Amsterdam, The Netherlands – Amsterdam Molecular Therapeutics (Euronext: AMT), a leader in the field of human gene therapy, announced today that it will receive an Innovation Credit of up to € 4 million from the Dutch government to support the development of AMT’s gene therapy treatment for Duchenne Muscular Dystrophy (DMD). The credit is granted by SenterNovem, an agency of the Dutch Ministry of Economic affairs.
“We are delighted to receive this credit for DMD, as these awards are only made to innovative projects with strong commercial prospects,”
said Jörn Aldag, Chief Executive Officer of AMT.
“This credit will allow us to prioritize the development of our gene therapy for this progressive and devastating disease.”
Recently, AMT has reported it has successfully treated DMD in a preclinical model of the disease with its proprietary gene therapy product AMT-080. These proof of concept studies demonstrated that AMT’s technology resulted in functional dystrophin synthesis in both the heart and skeletal muscles, which prevents muscular dystrophy . These data reinforce a previous study in which this gene therapy approach was shown to successfully restore dystrophin in diseased human muscle cells obtained from biopsies of DMD patients. Together, these results establish a robust basis for AMT’s therapeutic approach to DMD.
On October 8, 2009 the European Medicines Evaluation Agency (EMEA) granted Orphan Drug Designation to AMT’s gene therapy product AMT-080 for the treatment of DMD. This entitles AMT to ten years of market exclusivity to treat DMD in Europe following marketing approval for AMT-080, provided that this product candidate is the first such approved new drug with a major medical benefit.
The credit, together with accrued interest, will become repayable in mid-2013, subject to the commercial success of the project. The credit is payable in tranches linked to the achievement of specific milestones, and will fund 35% of the total anticipated costs of the project during this period.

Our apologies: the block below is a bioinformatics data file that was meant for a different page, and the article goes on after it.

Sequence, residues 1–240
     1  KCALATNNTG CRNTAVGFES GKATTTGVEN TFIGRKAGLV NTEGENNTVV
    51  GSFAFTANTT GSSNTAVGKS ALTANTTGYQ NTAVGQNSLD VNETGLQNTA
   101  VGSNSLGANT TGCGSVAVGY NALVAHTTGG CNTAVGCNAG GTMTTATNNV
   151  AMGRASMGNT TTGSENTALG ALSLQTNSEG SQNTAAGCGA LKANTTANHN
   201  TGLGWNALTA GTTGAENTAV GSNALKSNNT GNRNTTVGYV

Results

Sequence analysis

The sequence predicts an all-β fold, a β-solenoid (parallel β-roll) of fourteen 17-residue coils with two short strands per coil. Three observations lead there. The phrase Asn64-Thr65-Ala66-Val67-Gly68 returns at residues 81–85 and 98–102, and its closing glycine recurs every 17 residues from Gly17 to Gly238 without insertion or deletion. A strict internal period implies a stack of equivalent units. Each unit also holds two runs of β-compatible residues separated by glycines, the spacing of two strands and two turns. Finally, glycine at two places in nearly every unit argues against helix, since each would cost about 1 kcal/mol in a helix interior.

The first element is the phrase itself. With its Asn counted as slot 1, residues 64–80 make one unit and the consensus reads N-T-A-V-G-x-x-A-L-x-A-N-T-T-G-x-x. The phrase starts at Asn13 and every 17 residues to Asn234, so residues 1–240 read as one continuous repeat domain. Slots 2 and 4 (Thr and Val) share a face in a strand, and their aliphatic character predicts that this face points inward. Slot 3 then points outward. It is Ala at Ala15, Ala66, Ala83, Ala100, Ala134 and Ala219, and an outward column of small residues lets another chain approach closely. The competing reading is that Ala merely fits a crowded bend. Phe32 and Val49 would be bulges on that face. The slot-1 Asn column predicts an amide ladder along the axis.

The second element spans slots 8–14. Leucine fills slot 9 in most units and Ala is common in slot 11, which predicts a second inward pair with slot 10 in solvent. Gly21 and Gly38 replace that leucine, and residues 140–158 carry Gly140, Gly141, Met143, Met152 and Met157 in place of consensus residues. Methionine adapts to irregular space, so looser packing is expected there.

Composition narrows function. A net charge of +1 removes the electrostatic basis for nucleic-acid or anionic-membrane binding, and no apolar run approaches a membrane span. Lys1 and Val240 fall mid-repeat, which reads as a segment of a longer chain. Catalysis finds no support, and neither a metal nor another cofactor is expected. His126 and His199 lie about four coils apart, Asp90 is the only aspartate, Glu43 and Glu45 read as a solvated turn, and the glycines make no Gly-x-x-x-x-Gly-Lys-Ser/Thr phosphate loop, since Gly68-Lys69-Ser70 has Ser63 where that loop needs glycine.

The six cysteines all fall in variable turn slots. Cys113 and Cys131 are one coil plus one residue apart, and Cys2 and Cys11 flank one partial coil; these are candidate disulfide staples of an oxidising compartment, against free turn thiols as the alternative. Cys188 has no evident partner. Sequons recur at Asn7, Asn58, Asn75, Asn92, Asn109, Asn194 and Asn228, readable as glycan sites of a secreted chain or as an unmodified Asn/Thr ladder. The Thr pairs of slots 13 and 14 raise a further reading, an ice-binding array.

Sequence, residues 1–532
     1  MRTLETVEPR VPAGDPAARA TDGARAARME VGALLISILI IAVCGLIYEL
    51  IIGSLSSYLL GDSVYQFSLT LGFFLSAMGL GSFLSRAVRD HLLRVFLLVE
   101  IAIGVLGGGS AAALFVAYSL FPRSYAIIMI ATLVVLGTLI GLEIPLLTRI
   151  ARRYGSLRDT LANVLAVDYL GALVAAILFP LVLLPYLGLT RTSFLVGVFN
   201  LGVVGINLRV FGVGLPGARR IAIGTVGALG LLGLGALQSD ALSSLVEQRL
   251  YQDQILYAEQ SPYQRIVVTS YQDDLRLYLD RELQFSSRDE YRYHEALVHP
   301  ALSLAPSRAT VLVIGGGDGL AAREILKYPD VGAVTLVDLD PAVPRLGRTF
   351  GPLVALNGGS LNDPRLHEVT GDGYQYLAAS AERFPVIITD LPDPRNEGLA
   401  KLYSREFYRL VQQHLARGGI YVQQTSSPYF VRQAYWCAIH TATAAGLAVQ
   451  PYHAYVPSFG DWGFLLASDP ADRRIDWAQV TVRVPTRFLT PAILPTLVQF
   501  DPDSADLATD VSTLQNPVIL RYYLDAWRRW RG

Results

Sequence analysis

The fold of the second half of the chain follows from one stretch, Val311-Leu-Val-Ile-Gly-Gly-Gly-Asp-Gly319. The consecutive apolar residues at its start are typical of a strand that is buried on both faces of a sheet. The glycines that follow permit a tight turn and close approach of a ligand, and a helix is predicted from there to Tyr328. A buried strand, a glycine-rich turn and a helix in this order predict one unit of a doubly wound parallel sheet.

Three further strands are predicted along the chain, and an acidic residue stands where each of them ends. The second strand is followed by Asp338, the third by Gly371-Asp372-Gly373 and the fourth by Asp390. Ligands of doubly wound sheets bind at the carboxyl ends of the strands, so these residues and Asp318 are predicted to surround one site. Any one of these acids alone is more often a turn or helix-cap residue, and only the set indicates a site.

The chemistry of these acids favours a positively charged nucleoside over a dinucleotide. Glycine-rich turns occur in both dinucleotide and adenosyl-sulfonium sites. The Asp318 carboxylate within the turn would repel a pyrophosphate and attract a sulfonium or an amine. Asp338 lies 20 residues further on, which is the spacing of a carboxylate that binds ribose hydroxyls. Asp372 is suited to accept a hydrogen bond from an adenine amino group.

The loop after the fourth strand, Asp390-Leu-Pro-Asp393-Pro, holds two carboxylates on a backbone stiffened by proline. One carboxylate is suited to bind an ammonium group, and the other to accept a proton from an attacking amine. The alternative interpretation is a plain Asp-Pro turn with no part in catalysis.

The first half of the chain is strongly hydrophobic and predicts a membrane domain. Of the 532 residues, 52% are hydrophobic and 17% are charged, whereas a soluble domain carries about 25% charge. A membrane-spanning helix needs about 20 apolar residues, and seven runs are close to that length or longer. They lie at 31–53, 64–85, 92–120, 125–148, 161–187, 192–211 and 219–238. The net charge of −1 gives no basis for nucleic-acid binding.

About Duchenne Muscular Dystrophy
DMD is a severe disease characterized by progressive muscle degeneration. It affects young children, almost exclusively boys, and leads to progressive paralysis and death in young adulthood. The disease is caused by mutations in the dystrophin gene, as a result of which the production of functional dystrophin protein, an important structural component within muscle tissue, is blocked. Currently, there is no treatment to prevent the fatal outcome of this disease. DMD affects one in 3,500 males, making it one of the most prevalent of muscular dystrophies.
AMT is developing a gene therapy product for DMD based on ‘exon skipping’ technology which results in bypassing the genetic defect such that the functional protein can be formed again. Positive long-term therapeutic effects of this approach have been demonstrated in animals.
About Amsterdam Molecular Therapeutics
AMT, founded in 1998 and based in Amsterdam, is a leader in the development of human gene based therapies. Using adeno-associated viral (AAV) vectors as the delivery vehicle of choice for therapeutic genes, the company has been able to design and validate what is probably the first stable and scalable AAV production platform. This safe and efficacious proprietary platform offers a unique manufacturing capability which can be applied to a large number of rare (orphan) diseases that are caused by one faulty gene. Currently, AMT has a product pipeline with several AAV-based gene therapy products in LPL Deficiency, Hemophilia B, DMD, Acute Intermittent Porphyria and Parkinson’s Disease at different stages of research or development.
About SenterNovem and the Innovation Credit program (www.senternovem.nl/innovatiekrediet/)
The Innovation Credit is a risk-carrying credit aimed at funding development projects that have a strong commercial potential but also a high technical risk. The projects have to be focused at the development of new products, processes or services. The purpose of the Innovation Credit is to reduce the financial risk for entrepreneurs. The Innovation Credit does not need to be repaid if the project fails. The Innovation Credit has separate budgets for technical development projects and for clinical development projects.